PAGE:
April 4, 2016 By FTI Consulting
As quarter one of 2016 came to a close, the South African rand gained around 5.5% to the US Dollar on delivery of a unanimous judgement by the country’s Constitutional Court that President Jacob Zuma failed to “uphold, defend and respect” the Constitution. It related to the President’s failure to comply with the constitutionally empowered Public Protector’s finding that, amongst others, he was liable for non-security upgrades made by the state to his private homestead at Nkandla.
The market reaction can be attributed to the judgement addressing accountability in managing of the fiscus and, by extension, of the economy. This has become a serious concern to investors following what has become known as Nenegate or 9/12: when President Zuma eject ed former respected Finance Minister Nhlanhla Nene in favour of unknown backbencher, Minister Des van Rooyen on 9 December of last year. Then, the markets, which in times of macro-economic stability have tended rather to react to labour strife than any corrupt practises, stripped R500bn in value off South African assets in response. Within five days, the President was forced to capitulate and reappoint to Treasury Minister Nene’s respected predecessor, Minister Pravin Gordhan.
The conclusion is inescapable: Minister Nene’s removal was interpreted to expose in sharp relief the President’s perceived agenda of undue intervention in the procurement decisions of state-owned entities for the benefit of third parties close to him. Reappointing Minister Gordhan was also not the first surrender, but gave dynamic impetus to what preceded and followed it.
In October, he conceded to no fee increases for 2016 at the country’s public universities, after students of all races united in the nine day #FeesMustFall protest, which was heavily critical of the President and his government. In February followed the Nkandla U-turn: in apparent anticipation of the Constitutional Court finding him in contravention of the Constitution, the President declared himself willing to pay reasonable costs for non-security upgrades to his homestead, thereby embarrassing the Speaker of Parliament, numerous ministers and members of the ruling African National Congress (ANC) caucus who have risked their reputations to protect him.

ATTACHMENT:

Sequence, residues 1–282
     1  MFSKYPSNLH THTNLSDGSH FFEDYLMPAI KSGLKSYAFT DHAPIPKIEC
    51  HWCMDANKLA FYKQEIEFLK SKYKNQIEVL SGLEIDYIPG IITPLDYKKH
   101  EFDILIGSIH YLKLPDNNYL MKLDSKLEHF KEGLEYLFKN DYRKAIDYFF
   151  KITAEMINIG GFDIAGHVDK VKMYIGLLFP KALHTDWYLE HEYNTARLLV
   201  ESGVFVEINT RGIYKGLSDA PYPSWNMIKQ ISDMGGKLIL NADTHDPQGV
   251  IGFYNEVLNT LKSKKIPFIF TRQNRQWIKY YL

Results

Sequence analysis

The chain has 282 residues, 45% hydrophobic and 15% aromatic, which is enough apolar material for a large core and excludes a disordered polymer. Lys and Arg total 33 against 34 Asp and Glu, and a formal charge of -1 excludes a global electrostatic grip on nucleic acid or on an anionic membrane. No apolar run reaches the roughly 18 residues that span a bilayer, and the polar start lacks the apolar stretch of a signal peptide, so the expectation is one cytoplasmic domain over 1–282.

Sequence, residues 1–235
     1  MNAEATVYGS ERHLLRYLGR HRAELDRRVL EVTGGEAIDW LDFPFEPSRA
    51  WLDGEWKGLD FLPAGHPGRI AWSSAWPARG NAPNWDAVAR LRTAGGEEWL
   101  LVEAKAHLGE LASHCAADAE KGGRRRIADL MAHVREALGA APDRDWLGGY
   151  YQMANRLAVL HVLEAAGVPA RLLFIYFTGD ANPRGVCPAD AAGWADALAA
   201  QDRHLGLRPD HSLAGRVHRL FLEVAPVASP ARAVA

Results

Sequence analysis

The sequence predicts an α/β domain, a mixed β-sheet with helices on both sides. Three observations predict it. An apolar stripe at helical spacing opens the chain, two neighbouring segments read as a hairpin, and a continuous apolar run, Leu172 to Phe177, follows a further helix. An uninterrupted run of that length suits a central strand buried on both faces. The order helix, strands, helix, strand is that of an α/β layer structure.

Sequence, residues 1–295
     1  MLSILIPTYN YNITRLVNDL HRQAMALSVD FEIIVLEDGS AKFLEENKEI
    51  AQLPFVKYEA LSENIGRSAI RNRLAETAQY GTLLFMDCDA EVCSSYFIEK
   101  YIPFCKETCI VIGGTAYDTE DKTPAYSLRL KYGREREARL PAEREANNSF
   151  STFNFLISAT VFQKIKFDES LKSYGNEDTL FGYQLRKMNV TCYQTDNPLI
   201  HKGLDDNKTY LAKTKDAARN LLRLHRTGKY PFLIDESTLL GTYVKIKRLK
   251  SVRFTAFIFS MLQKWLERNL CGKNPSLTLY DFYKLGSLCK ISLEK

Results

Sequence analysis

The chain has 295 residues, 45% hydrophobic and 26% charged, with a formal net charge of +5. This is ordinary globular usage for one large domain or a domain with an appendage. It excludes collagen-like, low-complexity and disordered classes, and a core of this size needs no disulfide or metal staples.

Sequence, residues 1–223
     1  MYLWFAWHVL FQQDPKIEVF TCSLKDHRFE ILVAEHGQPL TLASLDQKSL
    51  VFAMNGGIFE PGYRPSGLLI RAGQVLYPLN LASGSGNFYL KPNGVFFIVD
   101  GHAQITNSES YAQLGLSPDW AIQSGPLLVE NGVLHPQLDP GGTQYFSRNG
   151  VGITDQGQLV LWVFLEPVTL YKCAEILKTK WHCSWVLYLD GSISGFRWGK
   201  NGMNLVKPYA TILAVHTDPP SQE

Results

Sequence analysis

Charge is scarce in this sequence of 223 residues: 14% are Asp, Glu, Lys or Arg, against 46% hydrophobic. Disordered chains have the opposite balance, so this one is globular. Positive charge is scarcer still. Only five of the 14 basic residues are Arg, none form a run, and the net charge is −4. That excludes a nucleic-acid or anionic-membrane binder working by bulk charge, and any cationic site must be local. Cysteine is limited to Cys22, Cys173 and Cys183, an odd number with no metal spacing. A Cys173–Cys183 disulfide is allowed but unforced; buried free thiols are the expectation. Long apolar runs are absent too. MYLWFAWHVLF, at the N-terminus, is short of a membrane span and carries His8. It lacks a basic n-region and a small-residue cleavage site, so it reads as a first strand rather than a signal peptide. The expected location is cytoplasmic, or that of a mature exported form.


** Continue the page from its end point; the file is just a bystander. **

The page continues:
These reversals demonstrate the dynamic nature of South Africa’s democratic consolidation in practise, but have also spelled the political weakening of the President in a manner that he might still be adjusting to. This is apparent no more than in the interplay between the efforts led by newly reinstated Finance Minister Pravin Gordhan to avert credit rating agencies downgrades of the South African economy to so-called junk status later this year, and President Zuma’s apparent efforts to retain influence over levers of the state.
Numerous current and former ANC-deployees led by Deputy Finance Minister Mncebisi Jonas have come forward to allege interference by the Gupta family (who has close business ties with President Zuma’s family and government) in the making of government appointments. As events unfolded, the President first displayed denial and isolation about the essential concerns emanating from Nenegate around accountability in his management of the economy. This was evidenced by a complete lack of consideration to related issues in his January 8 statement, his lacklustre performance in business consultations and participation in the January World Economic Forum event in Davos and, his State of the Nation address, which stopped short of recognising the need for more accountability and greater policy certainty and coherence.
By the time of the President’s response to the debate of his State of the Nation Address in Parliament on 14 February, the narrative of his alleged facilitation of state capture by the Gupta’s was already public. He struck a defiant tone. This was to continue with his defence of Minister Des van Rooyen (he was redeployed to the Ministry of Cooperative Government and Traditional Affairs) as the most qualified finance minister he ever appointed on the eve of Minister Gordhan unveiling his critical first budget since his reappointment.